“Can I have a bike for my birthday this year?” A typical, impatient eight-year-old, I must have asked my parents this question a million times. I was excited for my upcoming birthday, and really wanted a bike with a big banana seat, and raised handle-bars.
“You’ll have to wait and see,” was the constant reply, but my birthday falls in the middle of the summer, and so many perfect bike-riding days were passing me by.
As my big day approached, my father teased me that I was getting bubblegum for my birthday. I was confident he was kidding and that I would soon be soaring through the streets on my new, longed for wheels.
Birthday morning came, and no present. “You have to wait till your party,” Mom informed me. The hours just didn’t pass fast enough. My friends arrived in the afternoon, and we swam for awhile before my father barbequed burgers and hot dogs, and then it was time for gifts. After opening all the gifts from my friends, the moment I had anticipated finally arrived.
“There is one more gift,” my father announced, disappearing into the garage.
And there it was! A shiny, new, all-mine, bicycle. “Here’s your bubblegum,” Dad beamed. I beamed back. It was exactly what I wanted.
“Thanks so much!” I gushed, and was about to say more when I noticed my mother following with something else. Another new bike……for my little sister.
What? It wasn’t her birthday until November. “Me too, me too,” she started to squeal.
I didn’t say anything. I didn’t know what to say. I got what I wanted, so why was this bothering me so?
It was a question that would fester inside me for a long time. That year would mark the end of birthday excitement for me. It was the start of a legacy of disappointment that I never addressed, and therefore; allowed to grow out of control.
For my ninth birthday, I got a new bike, but I also gained the realization that life is not always fair. I knew without asking why my sister got a present on my birthday – it was so she wouldn’t throw a temper tantrum – but I also knew with certainty that I wouldn’t get a present on her birthday, and somehow that didn’t seem right. I wasn’t given to temper tantrums, but did that mean that I also had to forgo being special for one day?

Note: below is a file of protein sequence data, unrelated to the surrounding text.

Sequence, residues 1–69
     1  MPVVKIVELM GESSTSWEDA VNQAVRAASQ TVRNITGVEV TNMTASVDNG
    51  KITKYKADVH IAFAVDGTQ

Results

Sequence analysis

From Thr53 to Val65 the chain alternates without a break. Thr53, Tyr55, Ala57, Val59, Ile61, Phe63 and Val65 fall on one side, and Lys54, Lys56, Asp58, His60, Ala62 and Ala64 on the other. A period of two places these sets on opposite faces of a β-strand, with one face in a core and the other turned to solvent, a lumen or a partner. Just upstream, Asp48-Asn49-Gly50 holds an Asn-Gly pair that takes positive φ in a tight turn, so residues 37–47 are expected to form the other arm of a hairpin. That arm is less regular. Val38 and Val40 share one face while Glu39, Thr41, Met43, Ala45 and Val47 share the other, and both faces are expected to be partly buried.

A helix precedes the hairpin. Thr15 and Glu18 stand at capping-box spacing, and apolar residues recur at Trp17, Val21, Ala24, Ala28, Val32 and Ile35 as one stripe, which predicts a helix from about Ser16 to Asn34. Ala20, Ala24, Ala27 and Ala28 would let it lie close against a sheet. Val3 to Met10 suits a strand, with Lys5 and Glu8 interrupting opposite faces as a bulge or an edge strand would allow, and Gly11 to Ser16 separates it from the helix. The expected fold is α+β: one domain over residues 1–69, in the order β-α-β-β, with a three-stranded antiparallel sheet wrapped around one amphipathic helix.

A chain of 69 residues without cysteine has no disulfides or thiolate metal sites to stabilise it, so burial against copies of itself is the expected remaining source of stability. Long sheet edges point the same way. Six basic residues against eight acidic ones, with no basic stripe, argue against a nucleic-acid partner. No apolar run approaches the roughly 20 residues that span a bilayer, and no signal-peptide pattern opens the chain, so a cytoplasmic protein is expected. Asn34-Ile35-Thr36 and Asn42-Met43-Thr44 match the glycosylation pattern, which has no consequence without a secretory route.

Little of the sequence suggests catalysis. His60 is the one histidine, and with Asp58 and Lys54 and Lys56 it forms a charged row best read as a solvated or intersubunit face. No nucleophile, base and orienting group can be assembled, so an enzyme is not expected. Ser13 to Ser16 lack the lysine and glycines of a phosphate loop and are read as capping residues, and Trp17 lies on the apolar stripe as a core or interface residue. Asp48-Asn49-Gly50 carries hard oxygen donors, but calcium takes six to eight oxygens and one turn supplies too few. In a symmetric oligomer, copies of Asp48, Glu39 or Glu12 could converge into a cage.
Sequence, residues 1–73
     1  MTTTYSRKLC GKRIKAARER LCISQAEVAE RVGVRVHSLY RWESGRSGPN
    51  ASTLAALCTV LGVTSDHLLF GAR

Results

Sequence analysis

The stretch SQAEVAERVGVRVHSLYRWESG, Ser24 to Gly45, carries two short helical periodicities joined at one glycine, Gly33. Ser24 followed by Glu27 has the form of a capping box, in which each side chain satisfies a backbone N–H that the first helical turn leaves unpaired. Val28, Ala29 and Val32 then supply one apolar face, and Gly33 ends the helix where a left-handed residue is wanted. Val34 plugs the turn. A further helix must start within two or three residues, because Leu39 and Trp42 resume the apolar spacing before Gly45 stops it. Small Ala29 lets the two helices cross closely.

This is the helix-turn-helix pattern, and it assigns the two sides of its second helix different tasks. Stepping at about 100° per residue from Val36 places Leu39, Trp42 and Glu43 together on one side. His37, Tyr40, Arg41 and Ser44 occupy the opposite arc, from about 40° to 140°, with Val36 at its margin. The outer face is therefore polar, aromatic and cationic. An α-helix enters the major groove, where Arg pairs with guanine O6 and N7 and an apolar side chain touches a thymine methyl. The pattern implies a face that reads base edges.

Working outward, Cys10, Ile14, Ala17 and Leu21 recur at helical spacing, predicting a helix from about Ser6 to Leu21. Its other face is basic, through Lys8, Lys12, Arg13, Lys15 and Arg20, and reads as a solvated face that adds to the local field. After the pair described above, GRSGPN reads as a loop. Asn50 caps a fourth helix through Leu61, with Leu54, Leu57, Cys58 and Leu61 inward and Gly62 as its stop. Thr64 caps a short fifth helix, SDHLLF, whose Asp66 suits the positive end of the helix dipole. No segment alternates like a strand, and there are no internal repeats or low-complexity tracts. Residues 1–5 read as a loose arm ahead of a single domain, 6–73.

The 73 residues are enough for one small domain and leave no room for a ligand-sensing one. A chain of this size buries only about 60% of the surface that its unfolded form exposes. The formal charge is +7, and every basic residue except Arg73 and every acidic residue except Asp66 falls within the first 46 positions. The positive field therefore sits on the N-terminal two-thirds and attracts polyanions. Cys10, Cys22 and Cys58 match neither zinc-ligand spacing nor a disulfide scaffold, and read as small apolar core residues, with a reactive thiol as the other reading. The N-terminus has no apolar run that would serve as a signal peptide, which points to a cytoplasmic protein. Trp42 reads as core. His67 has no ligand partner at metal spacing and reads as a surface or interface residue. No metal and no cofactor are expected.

In the years that followed, my birthdays were celebrated on family vacations, usually in public places with just a cake to mark the occasion. I told myself it didn’t matter.
Truth is, I allowed that initial seed of disappointment to ferment inside me. I didn’t confront the issue because I thought I was being oversensitive. I didn’t want to hurt my parents feelings, and I certainly didn’t want them to think I was ungrateful. But the more I pushed the hurt down, the bigger it grew. In my own mind, I compounded the issue. My parents didn’t love me as much as they did the other children; there was something wrong with me. Every time I felt left out or overlooked, my feelings were just confirmed. I came to dread my birthday month. By the time I reached adulthood, this dread was accompanied by depression.
The issue exploded on my 40th birthday. My mother, in her usual way, had been calling me leading up to my birthday, making comments such as: “You have everything you need, I don’t suppose there is anything I could get you anyway,” or “Don’t know if I’ll get you anything for your birthday this year,” and so on. When she showed up with a frozen turkey, I lost it.
“Mom! Why do you have such a problem with my birthday! If you don’t want to celebrate it, then don’t, but don’t taunt me with it!”
“Of course, I want to celebrate your birthday.” She was taken aback.
“You never have! You always make it sound like it’s such a hardship. I’d rather you didn’t acknowledge it at all!”
“What do you mean? I’m here with a gift aren’t I?”
“Yes, Mom, but all week longed you’d hinted that there might not be a gift, as if you really don’t want to give me anything.”
“Well, it’s just that you have everything.”
“It’s not about the gift, Mom. It’s about the acknowledgment.”
The conversation didn’t go well. My mother left feeling hurt, and I felt I had made a worse mess of things. I would like to say that things have improved, but they haven’t. For the second year in a row, my mother has completely forgotten my birthday. I asked for it, I guess.
When you allow things to fester, they grow roots, and like untended weeds, can get out of control.
I am fifty-four years old, and I still don’t know how to uproot the weed associated with my mother and my birthday.